June 11, 2007

Immigrant Entrepreneurship Boom

A new study from the Kauffman Foundation reveals that between 1995 and 2005, 25.3 percent of technology and engineering companies had at least one founder who immigrated to the United States. According to the study, “nationwide, these immigrant-founded companies produced $52 billion in sales and employed 450,000 workers in 2005. The majority of these immigrant entrepreneurs came from India, United Kingdom, China, Taiwan, Japan and Germany.”

In the article, Robert Litan, vice president of Research and Policy at the Kauffman Foundation provides some insight into the types of immigrant entrepreneurs who have helped to create some of the top startups in the country.

“These are individuals who initially entered the United States either as students or as employees of corporations that sponsored their visas, but who eventually created new businesses,” Litan explains. “These startup founders are very well educated, particularly in STEM disciplines, suggesting that research, technical education and thought leadership are drivers of new business generation.”

To read the entire article click here

How many of you have startup companies with founders who immigrated to the states?




June 7, 2007

The “Infamous” Valuation Question

Yesterday, we hosted another SpeedPitching Luncheon in Utah.  It was an incredibly successful event with nearly 40 early-stage investors in attendance.  I’ll write more about the event in a bit, but for now, I’d like to continue the discussion posed by Devin Thorpe about “Do You Dodge the Valuation Question?

Devin:  I think that you pose a great question.  There were a few investors that came up to me and requested that we coach them on how to respond to the valuation question.  The reality is that we DO coach them on the valuation question… we just coach them to push off the discussion until the next meeting!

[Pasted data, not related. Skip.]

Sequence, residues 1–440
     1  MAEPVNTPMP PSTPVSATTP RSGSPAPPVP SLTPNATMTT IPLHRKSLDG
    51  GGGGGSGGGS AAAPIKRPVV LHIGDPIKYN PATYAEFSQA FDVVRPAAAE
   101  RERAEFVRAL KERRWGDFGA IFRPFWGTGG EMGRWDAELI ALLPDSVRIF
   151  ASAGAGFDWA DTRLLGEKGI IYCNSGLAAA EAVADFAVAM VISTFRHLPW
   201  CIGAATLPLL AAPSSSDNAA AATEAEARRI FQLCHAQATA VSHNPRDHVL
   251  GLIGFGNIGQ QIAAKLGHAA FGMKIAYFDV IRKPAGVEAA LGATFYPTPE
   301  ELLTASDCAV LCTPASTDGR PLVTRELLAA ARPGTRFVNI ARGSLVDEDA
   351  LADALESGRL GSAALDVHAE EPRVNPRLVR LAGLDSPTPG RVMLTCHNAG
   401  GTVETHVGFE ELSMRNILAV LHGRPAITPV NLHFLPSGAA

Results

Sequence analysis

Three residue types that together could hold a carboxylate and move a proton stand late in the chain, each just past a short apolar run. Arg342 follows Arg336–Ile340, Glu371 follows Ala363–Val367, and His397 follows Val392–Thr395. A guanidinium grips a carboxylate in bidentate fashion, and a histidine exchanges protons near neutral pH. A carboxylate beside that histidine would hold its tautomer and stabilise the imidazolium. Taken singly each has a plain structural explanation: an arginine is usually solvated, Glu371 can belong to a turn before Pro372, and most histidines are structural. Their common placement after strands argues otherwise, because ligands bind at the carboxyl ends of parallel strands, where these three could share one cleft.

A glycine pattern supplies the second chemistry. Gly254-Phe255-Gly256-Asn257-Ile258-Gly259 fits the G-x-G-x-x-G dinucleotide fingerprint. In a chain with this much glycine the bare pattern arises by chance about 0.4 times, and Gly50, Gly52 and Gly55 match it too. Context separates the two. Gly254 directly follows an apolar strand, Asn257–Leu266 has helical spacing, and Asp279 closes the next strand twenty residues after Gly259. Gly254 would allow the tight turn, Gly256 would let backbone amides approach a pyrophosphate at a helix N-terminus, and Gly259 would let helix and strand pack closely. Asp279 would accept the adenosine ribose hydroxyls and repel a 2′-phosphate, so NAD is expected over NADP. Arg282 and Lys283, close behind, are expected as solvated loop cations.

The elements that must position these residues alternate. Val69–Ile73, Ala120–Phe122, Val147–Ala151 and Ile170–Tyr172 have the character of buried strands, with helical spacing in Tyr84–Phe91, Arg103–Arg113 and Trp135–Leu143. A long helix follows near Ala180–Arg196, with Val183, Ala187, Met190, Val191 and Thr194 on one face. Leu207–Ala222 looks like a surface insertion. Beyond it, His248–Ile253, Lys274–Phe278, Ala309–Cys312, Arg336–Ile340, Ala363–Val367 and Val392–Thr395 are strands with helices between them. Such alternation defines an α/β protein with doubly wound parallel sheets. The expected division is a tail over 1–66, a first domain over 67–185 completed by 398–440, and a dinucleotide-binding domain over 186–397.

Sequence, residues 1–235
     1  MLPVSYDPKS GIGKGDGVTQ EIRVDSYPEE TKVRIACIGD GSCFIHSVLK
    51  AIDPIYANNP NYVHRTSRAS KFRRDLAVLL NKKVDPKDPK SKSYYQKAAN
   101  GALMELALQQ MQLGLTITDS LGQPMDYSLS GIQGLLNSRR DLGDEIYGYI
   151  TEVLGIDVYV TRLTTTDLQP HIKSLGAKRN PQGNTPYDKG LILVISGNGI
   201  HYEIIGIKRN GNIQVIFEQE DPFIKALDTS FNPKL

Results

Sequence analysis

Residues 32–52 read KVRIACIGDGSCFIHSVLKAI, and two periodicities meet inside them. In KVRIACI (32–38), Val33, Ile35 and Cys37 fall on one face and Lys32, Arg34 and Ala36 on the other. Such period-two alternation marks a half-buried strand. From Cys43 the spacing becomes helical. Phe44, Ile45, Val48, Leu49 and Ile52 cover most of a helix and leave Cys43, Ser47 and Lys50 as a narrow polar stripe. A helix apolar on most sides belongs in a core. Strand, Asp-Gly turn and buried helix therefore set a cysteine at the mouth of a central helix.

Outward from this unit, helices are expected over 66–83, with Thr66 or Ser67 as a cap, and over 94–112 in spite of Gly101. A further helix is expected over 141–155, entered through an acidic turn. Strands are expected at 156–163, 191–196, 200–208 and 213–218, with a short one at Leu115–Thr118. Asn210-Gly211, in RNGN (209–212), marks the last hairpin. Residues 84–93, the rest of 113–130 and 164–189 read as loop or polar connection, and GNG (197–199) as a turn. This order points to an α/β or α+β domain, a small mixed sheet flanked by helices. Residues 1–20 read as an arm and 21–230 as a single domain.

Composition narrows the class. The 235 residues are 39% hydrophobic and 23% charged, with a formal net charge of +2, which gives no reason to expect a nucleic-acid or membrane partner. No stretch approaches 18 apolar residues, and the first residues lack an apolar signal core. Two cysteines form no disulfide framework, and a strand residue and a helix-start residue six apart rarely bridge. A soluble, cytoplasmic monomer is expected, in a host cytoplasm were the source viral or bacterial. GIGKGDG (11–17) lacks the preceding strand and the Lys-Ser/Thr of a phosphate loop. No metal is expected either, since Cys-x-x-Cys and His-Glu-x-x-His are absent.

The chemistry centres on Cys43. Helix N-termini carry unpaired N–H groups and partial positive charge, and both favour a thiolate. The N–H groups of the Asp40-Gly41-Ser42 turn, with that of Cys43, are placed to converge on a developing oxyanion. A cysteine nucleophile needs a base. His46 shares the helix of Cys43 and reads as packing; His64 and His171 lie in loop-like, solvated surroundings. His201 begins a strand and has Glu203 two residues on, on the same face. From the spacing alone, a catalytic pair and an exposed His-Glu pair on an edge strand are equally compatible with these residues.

I agree with you that it’s not fair for the entrepreneur to nail down a valuation after a 7 minute discussion.  Too often the investors make large assumptions about the company, the market, and the management team without knowing all of the facts.  I know that the investors can’t stand the fact that the entrepreneurs dodge the question — they want to know the valuation up front.

The reason that they would like to know the question up front is because they want to know if the investment is in their ball park.  If it’s not in their ballpark, they won’t want the follow-up meeting no matter how strong the deal is.

So the REAL question is… is there a way to accurately respond to the valuation question (to please the investor) without pinning yourself on a certain valuation?  Maybe you could give a ball park answer so that they know that your deal is affordable, but then include a caveat that you would like to discuss in detail at a future meeting?

After yesterday’s luncheon, it has become apparent that we should suggest a different approach to our entrepreneurs so that our investors don’t get so frustrated.  I’d love to hear your suggestions.




June 6, 2007

FundingUniverse CEO Article in American Venture Magazine

Check out our CEO’s recent article in American Venture Magazine! Brock Blake discusses Fighting the Funding Curse of the First-time Entrepreneur. Every first-time entrepreneur should read this article. It is packed with helpful information. Excellent article Brock!